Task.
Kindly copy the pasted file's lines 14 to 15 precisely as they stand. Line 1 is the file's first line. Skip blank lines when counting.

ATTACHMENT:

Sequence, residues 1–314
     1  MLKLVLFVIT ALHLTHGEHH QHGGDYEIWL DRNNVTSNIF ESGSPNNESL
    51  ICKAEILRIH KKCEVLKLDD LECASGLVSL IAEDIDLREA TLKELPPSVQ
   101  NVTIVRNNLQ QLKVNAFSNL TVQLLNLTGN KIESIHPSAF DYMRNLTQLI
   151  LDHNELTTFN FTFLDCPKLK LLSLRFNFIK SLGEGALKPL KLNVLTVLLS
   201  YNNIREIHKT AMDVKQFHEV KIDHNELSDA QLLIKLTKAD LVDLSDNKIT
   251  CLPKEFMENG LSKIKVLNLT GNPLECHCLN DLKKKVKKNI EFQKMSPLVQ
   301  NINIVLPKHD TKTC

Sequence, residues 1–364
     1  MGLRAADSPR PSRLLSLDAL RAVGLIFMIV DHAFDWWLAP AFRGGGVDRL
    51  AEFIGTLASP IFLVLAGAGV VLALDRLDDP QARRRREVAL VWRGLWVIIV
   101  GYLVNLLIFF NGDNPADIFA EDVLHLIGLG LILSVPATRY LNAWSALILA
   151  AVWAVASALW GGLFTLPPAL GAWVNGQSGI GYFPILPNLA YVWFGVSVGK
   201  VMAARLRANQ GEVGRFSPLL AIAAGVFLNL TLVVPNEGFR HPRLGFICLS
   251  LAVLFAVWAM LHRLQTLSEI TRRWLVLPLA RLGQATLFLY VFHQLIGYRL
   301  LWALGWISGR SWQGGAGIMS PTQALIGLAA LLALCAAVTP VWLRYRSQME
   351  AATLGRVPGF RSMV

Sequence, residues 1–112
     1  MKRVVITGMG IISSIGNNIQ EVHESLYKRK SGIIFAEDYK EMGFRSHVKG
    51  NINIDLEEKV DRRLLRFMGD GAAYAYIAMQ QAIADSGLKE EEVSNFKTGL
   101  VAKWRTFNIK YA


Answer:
   201  VMAARLRANQ GEVGRFSPLL AIAAGVFLNL TLVVPNEGFR HPRLGFICLS
   251  LAVLFAVWAM LHRLQTLSEI TRRWLVLPLA RLGQATLFLY VFHQLIGYRL